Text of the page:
By TOM BELL
KHABAROVSK – It’s just past midnight, Easter Sunday. Six policemen stand at the door of the Khabarovsk Cathedral. The church is full, and.a crowd gathers outside in the cold rain A policeman tells the crowd that nobody else is allowed inside. Some people yell insults at the officers. Others push their way towards the door, only to be pushed back by police. A man dressed in a long black coat, leather boots, and a tall wool hat approaches. Fourteen 12-mm cartridges are strapped across his chest. He carries a saber. The man makes the sign of the cross and bows. The police step aside and allow him through..
The man is a Cossack soldier. Several years ago, police might have arrested him for wearing such a costume. But Cossacks are respectable in the post-Soviet social order now. Before the revolution, Cossacks defended the southern outposts of the Russian empire and served as professional soldiers for the czar. In return, they received farmland and autonomy. They were legendary as fierce horsemen and ruthless fighters. But after the communists came to power, their armies were disbanded and their land confiscated; many who had fought for the White Army in the Civil War were either killed or sent to prison.
Two years ago, the descendants of Ussuriski Cossack troops in the Russian Far East re-establish their army. They fashioned a flag — copied from the flags they saw in old photographs – and took it to the Bishop of Khabarovsk, who blessed it in a televised ceremony. The flag is emblazoned with the face of Saint George, the “Saint of Warriors.”
There are now 12 Cossack armies in Russia. But these modern armies — their ranks filled with middle-aged men — are more like fraternal societies than fighting forces. Still, their leaders are ambitious; they seek to replace the old communist structures in Cossack villages with paramilitary ones. They’ve already begun organizing farmers and selling their produce.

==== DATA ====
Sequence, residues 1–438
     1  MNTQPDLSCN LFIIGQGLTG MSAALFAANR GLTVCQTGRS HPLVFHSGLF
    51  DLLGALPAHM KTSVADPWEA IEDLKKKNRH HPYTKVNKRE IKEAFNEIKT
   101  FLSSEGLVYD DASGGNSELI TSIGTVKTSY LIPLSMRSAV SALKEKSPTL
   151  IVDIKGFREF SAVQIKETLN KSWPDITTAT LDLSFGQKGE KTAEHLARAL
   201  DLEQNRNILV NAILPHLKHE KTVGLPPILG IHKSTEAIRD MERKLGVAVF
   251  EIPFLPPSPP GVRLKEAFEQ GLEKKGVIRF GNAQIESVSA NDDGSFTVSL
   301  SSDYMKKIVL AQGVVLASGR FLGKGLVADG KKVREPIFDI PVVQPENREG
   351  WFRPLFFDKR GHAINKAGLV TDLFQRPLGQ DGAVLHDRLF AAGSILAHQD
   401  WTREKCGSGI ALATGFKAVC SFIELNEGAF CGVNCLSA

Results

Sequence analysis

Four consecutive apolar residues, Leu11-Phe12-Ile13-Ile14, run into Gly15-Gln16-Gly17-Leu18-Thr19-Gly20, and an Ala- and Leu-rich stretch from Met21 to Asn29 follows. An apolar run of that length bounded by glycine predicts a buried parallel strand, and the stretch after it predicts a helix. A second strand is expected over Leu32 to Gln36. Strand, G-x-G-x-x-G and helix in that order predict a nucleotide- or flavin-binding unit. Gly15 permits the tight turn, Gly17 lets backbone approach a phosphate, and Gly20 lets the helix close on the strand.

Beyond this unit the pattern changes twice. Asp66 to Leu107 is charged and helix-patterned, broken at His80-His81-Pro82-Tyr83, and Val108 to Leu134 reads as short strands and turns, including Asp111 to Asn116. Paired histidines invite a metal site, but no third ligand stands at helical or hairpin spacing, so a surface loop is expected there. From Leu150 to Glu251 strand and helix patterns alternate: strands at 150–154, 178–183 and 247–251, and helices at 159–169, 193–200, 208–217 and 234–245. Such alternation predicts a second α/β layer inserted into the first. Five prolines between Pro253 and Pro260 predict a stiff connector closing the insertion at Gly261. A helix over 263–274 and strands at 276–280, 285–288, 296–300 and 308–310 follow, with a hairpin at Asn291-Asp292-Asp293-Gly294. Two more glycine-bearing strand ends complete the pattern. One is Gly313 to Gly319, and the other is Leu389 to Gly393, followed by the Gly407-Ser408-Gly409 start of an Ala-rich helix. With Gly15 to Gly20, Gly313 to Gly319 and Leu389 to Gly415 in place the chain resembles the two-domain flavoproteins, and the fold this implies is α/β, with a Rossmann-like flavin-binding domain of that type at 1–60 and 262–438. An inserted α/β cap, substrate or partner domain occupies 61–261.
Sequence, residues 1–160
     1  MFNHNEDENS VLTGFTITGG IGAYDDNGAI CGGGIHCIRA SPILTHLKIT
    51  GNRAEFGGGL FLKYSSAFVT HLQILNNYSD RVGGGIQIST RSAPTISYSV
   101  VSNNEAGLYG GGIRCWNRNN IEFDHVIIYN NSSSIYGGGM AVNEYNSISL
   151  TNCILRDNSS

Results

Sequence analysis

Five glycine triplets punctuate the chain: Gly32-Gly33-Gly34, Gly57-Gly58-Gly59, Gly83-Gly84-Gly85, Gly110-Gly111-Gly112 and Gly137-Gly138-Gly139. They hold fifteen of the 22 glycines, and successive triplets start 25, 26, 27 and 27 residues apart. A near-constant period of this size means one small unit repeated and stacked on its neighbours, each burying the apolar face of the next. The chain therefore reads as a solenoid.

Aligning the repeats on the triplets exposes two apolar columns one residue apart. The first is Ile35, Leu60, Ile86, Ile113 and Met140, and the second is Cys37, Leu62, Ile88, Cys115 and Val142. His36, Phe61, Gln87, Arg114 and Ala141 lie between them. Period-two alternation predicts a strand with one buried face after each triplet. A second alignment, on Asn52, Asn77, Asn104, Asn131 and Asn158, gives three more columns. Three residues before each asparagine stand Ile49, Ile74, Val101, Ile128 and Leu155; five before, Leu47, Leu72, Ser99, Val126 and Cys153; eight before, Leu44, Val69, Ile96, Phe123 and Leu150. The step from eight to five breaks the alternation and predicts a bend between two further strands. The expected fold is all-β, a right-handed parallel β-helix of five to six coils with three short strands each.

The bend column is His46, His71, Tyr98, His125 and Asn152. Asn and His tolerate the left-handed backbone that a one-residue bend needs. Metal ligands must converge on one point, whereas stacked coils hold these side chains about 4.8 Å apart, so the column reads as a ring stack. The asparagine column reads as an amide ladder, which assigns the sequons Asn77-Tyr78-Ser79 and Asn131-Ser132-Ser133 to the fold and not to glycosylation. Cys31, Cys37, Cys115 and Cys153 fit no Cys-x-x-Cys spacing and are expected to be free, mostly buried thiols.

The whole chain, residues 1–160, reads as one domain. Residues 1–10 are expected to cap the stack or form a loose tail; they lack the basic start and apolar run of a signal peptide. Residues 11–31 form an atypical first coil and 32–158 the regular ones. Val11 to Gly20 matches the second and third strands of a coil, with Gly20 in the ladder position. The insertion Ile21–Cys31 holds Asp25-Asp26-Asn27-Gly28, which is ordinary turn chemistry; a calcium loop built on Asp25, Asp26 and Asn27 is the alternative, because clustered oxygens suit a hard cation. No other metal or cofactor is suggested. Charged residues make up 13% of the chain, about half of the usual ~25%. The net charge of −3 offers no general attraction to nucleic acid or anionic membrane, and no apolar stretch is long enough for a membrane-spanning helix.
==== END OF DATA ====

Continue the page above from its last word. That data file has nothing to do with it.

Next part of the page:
What kind of people lead these so-called armies?
Col. Sergey Kalmeykov, a former chicken farmer and now Ataman of the Ussurisk Cossack Army, sits behind a plywood desk at his army’s headquarters, a one-story brick building in downtown Khabarovsk. He’s dressed in a brown military uniform. He is overweight. His face is fixed in a sneer. Before the interview begins, he nods to his young aide, Misha, who brings him a cigarette. I mention some recent news — that Cossacks in southern Russia have declared self-rule and have risen to the defense of President Yeltsin, offering to form a special presidential guard. I ask the colonel how he views the political situation. “Only through the cross hairs of my gun,” he says.
He refuses to elaborate, except to say he has 15,000 people under his command. (Other sources tell me the figure is more like 500.)
“What kind of weapons do you have?” I ask.
As he ponders his answer, his aide tells him, “Is it possible to answer such questions, sir? Maybe it’s a trick?”
The colonel says, softly, “Shut up, Misha.” Then he tells me he can’t answer my question.
“What do you think of the possibility of civil war?” I ask.
“Of course, this is a real possibility under certain conditions,” he says.
A small, bearded man sitting in the back of the room speaks up: “Why possible?” the man asks. I later learn he’s the chief of the army’s cultural department.
“Because I say it’s possible,” the colonel shouts. “Please, shut up.”
“Why should I shut up? I’m a member of the board?”
“I don’t care if you’re a board member. Just shut up and go away!”
“But Russian people understand that a civil war will lead to the end of everything,” the chief of the cultural department says.
“Stop talking or I’ll throw you out!” the colonel shouts.
The colonel stands up.
The chief of the cultural department runs out of the room.
After the interview, I ask the colonel to pose for a photograph. The aide brings the colonel his saber. “Maybe you should smile for the picture, sir,” the aide suggests. The colonel’s face only grows more severe.